While it’s not exactly as futuristic as 2001: A Space Odyssey, it’s no longer such a big stretch to imagine the day when a single operator anywhere in the world can remotely control 25 to 30 tractors, and when our crops effectively send us emails letting us know what they need.
As professor and chair of food, agricultural and biological engineering at Ohio State University, you might say Scott Shearer is in the catbird seat, and he knows exactly what he thinks about it all.
“Agricultural technology offers tremendous opportunities in terms of productivity, profitability, sustainability and connecting consumers to products,” Shearer says.
Still, there are significant hurdles ahead.
Venture capital is the key
The U.S. is flowing with investment money, much of it looking for ag tech startups.
A venture capital group that Shearer knows in Columbus, Ohio has a 10 per cent success rate — only one in 10 of the companies they invest in survives. But remember, he says, the ones that do succeed are going to change the face of agriculture.
While the bigger players in the agricultural industry are reluctant to risk investing in new businesses, they take notice when they see success.
Shearer points to Blue River Technology, a California company founded in 2011. It’s developed smart farm equipment that can identify individual plants and spray weeds in the field, and in September 2017, the company was bought by John Deere.
At Deere, the idea is taking root that such technology may replace GMOs and herbicide-tolerant crops.
“With the evolution of see-and-spray technology, the days of genetic manipulation could be behind us,” Shearer says, cautioning that rural internet connectivity is crucial for its success.
Controlling the environment and genetics
Collecting and using data will drive the agriculture of the future, says Shearer.
He cites a new Red Sun Farms facility in Ohio that grows mainly tomatoes, cucumbers and peppers 24/7 on 22 acres of greenhouses. The vertically integrated company is a “data-intensive” operation that’s within one day’s driving distance of 70 per cent of the U.S. population.
Livestock agriculture will also become more precise with, for example, robotic milkers that can sense the productivity of the cow and adjust feed rations on a daily basis to maximize production. Data from robotic milkers could also be used to improve genetics and breeding programs.
What we’ve been hearing is true, Shearer says. The future of field machinery will take a turn for the smaller.
“We’re going to automate everything, and I think we’re going to do that because equipment has gotten way too large,” he says, adding that compaction is damaging soil health.
Shearer predicts that by 2024, U.S. farmers will be buying 200,000 autonomous tractors a year.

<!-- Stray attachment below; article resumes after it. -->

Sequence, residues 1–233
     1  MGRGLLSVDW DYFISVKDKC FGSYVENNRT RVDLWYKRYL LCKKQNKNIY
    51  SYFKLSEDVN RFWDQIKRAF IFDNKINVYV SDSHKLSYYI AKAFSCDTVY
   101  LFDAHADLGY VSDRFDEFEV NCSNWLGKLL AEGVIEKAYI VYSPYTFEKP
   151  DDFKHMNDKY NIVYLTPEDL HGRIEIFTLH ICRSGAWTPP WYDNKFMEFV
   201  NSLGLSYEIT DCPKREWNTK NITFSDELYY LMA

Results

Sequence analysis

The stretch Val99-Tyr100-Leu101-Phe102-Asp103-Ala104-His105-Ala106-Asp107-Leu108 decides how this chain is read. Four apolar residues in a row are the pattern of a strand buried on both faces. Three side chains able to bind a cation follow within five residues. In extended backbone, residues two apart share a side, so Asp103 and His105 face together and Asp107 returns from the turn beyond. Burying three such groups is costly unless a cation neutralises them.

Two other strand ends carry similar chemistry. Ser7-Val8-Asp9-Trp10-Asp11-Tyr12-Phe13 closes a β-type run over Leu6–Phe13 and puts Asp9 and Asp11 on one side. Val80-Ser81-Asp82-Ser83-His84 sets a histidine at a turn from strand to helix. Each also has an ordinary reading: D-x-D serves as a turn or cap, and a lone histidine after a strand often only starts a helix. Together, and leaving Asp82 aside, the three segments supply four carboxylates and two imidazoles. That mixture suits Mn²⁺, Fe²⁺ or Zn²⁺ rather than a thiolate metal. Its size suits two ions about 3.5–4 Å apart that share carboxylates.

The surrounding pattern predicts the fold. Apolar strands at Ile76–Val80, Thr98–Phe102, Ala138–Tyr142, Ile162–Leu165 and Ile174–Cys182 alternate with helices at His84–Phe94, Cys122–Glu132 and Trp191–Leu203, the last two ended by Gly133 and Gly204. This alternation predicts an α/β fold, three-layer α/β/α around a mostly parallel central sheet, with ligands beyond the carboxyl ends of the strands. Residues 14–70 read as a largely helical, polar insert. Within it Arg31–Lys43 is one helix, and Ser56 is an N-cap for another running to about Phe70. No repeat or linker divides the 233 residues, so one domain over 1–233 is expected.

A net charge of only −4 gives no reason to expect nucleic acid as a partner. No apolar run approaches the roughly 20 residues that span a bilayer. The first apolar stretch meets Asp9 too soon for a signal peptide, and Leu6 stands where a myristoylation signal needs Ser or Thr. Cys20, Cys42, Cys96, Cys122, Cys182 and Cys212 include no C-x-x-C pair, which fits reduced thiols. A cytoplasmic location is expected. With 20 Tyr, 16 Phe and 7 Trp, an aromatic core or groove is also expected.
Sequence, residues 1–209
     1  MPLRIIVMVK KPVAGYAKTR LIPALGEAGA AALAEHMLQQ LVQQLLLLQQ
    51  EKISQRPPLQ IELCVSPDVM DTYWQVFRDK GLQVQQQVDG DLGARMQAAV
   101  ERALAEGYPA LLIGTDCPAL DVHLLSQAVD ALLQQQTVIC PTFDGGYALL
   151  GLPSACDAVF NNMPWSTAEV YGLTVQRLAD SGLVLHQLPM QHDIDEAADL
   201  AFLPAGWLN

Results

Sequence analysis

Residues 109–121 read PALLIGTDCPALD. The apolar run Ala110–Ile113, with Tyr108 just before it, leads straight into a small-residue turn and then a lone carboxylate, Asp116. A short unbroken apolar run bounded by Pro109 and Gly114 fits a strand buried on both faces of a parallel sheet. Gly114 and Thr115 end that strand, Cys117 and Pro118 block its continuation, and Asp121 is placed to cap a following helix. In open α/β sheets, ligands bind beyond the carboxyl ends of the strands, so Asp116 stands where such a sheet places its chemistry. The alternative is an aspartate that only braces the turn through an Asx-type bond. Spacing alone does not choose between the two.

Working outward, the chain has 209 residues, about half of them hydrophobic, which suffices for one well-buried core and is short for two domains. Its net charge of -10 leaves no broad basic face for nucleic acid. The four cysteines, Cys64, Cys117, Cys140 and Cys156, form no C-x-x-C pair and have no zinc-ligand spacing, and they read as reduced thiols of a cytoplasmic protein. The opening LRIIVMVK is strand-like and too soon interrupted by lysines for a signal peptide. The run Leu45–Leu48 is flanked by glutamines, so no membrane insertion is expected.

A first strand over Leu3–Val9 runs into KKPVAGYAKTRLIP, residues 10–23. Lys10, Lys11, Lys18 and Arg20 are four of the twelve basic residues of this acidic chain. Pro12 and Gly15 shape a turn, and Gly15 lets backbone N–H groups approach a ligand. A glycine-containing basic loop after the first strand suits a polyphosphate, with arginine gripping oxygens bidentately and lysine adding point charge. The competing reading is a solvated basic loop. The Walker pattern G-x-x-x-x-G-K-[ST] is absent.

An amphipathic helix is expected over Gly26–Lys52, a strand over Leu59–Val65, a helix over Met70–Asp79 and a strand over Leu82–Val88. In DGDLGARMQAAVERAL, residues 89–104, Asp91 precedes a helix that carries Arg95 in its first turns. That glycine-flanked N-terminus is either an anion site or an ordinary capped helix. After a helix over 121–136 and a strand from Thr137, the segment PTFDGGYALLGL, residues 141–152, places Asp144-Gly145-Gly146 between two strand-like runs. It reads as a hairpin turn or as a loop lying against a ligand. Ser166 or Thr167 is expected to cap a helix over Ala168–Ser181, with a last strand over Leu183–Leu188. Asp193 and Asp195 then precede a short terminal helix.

Autonomous Solutions Inc. in Utah even has a fully automated platform called Mobius that that allows an operator to monitor multiple vehicles, i.e. that 25 to 30 tractors that we talked about.
Wild, wild west of technology
Shearer is enthusiastic about machine data generation that allows producers to see every single grain of corn and how it’s performing
Already, high-tech monitors exist to send 9,000 email messages annually from inside each acre crop, and emerging technologies can increase that figure tenfold.
When this kind of remote information is linked to field machinery, the potential, in Shearer’s words, will be “tremendous” for crop management.
But standardization is an issue, and with different companies being so proprietary about their innovations, systems can’t talk to one another, frustrating progress.
“It’s kind of the wild, wild west out there — a lot of different files and formats and a lot of different data moving in different directions,” Shearer says.
Ag Gateway is working on the problem. The non-profit organization has more than 200 member companies and its mission is to “promote and enable the industry’s transition to digital agriculture, and expand the use of information to maximize efficiency and productivity.”
It includes eight segments of the industry, including ag retail, crop nutrition and protection, precision agriculture, and grain and feed.
Bad connections and water woes
Shearer says rural areas in the U.S., as in Canada, are woefully behind in access to high-speed data options. While tractors and machinery can be hooked up to the internet to store data in the cloud, live-streaming video, for example, is out of reach.
Shearer has recently returned from east Africa where connectivity is nearly non-existent and farmers spend most of their days searching for water for crops and livestock.
Access to water is a universal problem, and Shearer says having data on where and when precipitation occurs would be a huge leap forward. Even in North America, whose fresh water supplies are the envy of the world, we have water issues.
“We’re going to have to get better at using the resources we have,” Shearer says.
Drainage systems, too, need to be modernized, by introducing the ability to control water flow so that nutrients can be prevented from moving off site and causing, among other things, toxic algal blooms.
And then there will be the disruptive “Black Swan” technologies that none of us yet know about, altering how farmers farm and how ag business gets done.
While there continue to be barriers — bringing down costs is a big one, as is data sharing — Shearer is optimistic they will be managed, and that the future of digital agriculture will be a more productive, profitable, transparent and sustainable one.